John Demma: ‘Is there, in all republics, this inherent and fatal weakness?’

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“Age” is a hot issue. Full disclosure: I’m 83. If you stop reading, I understand. Before stopping, perhaps you’ll find this excerpt as enlightening as it is provocative:

“Is there, in all republics, this inherent and fatal weakness? … Must a government, of necessity, be too strong for the liberties of its own people, or too weak to maintain its own existence?” (President Abraham Lincoln’s July 4, 1861, message to Congress).

Lincoln nails our “fatal weakness” predicament: “government” and our “liberties” are in a stand-off. Law professor and author Noah Feldman dates it back to the nation’s founding:

“The expansion of the United States … posed a fundamental problem for the slavery compromise reached by the framers in Philadelphia. They had done their best to balance the relative power of free and slave states. The fact that all the states then existing had ratified the Constitution showed that their compromise was satisfactory for white voters in their generation … But each time a state was added, it had the potential to change the balance of power between the free and slave states.” (Page 40, “The Broken Constitution”)

Pause and reflect for a moment on the words enshrined in 1776’s Declaration of Independence:

“We hold these truths to be self-evident, that all men are created equal, that they are endowed by their creator with certain unalienable Rights, that among these are Life, Liberty, and the pursuit of Happiness”.

The Declaration’s glowing “truths” failed severely just a decade or so later at the Constitutional Convention. Enslavers won. Slaves lost, victims of a compromise (and exclusion from “these truths”) accepted by the framers as the cost of a new Constitution ultimately ratified by the states.

Fast forward. To this day many of us are convinced government’s gain in power shrinks our liberty, a zero-sum outcome. That conviction fits Lincoln’s “fatal weakness” of a “too strong” government overwhelming people’s liberty. Consider, too, that many of us are convinced every gain in our liberty is a good thing, especially if our “win” equals a loss or restriction of government’s power. This fits Lincoln’s “fatal weakness” of a government eventually “too weak to maintain its existence” against unrestrained pursuit of life, liberty and happiness.

In a freedom-loving republic (inclusive of all of us, not just some of us) the continually open political questions are: How much government power is too much power? How much liberty is too much liberty?

Lincoln’s “ask” is timeless. Early on, Ben Franklin, (leaving the Constitutional Convention) reportedly answered, “a republic if you can keep it”, to the question, “what kind of government do we have, Mr. Franklin?” “If you can keep it” spotlights every generation’s fundamental job of balancing power and liberty. If We The People (all of us) don’t get the balancing right, we’re sweeping into history’s dustbin the whole idea of self-governance, proving Ben’s warning was spot-on and we’re republic-keeper failures.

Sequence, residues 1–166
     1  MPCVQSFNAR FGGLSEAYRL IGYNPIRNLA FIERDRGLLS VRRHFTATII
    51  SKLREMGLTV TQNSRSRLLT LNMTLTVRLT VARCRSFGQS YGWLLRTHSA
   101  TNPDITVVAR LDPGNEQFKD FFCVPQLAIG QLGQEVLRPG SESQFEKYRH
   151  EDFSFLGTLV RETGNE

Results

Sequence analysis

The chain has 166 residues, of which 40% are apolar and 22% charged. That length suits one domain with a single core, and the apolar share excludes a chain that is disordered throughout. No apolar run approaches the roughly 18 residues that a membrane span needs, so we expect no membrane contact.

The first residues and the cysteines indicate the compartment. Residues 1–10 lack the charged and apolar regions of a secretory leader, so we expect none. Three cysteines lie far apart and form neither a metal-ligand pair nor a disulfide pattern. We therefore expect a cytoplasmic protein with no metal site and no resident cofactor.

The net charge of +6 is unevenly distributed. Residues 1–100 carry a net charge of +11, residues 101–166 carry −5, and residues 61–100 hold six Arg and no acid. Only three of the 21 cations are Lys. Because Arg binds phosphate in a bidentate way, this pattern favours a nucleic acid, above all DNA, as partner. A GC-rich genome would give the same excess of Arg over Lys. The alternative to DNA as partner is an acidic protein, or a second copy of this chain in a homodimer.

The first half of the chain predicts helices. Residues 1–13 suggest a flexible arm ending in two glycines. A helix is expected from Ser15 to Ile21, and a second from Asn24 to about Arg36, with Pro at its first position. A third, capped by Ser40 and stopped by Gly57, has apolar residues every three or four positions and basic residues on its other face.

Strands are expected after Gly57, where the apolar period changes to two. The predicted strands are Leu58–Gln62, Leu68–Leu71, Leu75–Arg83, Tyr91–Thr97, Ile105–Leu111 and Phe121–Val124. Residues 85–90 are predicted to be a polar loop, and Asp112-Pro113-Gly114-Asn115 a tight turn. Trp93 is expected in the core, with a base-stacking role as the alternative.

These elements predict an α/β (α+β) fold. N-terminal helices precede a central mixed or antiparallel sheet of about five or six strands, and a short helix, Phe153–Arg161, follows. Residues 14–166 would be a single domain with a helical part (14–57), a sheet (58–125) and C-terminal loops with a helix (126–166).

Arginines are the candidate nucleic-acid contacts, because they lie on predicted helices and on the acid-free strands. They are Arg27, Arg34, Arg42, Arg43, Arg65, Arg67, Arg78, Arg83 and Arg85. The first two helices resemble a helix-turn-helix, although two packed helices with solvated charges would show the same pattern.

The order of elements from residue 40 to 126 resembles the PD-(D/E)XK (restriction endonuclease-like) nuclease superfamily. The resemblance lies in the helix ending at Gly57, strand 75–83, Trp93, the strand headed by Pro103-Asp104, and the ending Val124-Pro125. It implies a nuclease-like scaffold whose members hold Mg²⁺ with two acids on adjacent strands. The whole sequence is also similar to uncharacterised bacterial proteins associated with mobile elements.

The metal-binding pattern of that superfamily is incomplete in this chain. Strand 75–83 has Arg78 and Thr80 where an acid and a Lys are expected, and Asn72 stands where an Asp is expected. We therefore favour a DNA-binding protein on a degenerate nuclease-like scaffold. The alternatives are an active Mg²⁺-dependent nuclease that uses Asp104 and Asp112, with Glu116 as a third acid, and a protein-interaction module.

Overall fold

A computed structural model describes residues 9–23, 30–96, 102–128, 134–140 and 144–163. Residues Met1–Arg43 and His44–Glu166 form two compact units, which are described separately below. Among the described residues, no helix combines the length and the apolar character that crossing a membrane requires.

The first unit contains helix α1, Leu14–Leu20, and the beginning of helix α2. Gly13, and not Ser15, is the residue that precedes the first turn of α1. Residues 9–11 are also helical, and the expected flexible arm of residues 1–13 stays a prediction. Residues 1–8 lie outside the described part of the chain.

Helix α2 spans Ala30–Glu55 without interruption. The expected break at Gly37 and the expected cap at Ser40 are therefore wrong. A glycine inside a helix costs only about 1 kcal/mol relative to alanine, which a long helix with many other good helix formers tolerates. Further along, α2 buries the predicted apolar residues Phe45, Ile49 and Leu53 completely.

Our republic’s inventors handed future generations the power to keep it and, ominously, the liberty to reject it. As some founders aged, they worried the next generation wasn’t up to the job of keeping it. Decades later their early concern was validated when a bunch of states decided they had an “unalienable” right to secede in pursuit of life, liberty and happiness.

Lincoln and 700,000 Civil War battle deaths limited liberty’s reach. Excluded was an “unalienable” right to secede in pursuing life, liberty and happiness. The “Union” prevailed. Assassin John Wilkes Booth took exception. In a rage of passion over reason, he felt his liberty demanded Lincoln’s murder. Lincoln, a few weeks previously, in his second inaugural address, hoping to unify a broken nation, said “with malice toward none with charity for all … let us strive on … to do all which may achieve and cherish a just and lasting peace among ourselves and with all nations.”

For that Lincoln got a bullet in the head as an enraged Booth shouted “sic semper tyrannis” (thus to all tyrants), convinced his “liberty” outranked Lincoln’s right to life. The nation, plodding on, slowly adopted (Historian Shelby Foote notes) the singular form of reference, “United States is”, replacing the plural, “United States are” on its meandering calf path balancing “power” and “liberty” to this day.

In our “Lincoln” moment, we own the republic-keeping job and the balancing work. So, dear readers, how do we propose resolving our frightful predicament? Yes, our republic’s well over two centuries old, which is encouraging but not decisive. For many of us its survival seems tenuous. Key questions demand our enlightened answers:

Will our collective good will and good faith wisely avoid a “fatal weakness” disaster? Or will viral distrust, ill will and bad faith be our master?

Sustaining our self-governance depends on all of us, including you. It’s our path to achieving “life, liberty and happiness” for all of us, not just some of us. We own the judgment our kids, grandkids and great grandkids render. At 83 I tremble at the prospect of my great grandkids asking:

Great Grandpa, your generation’s lives span almost a third of our nation’s existence. On an “A” to “F” scale, how do you grade your generation’s “keeping” of our republic? And why?

John Demma of Eagan is a student of U.S. democracy.

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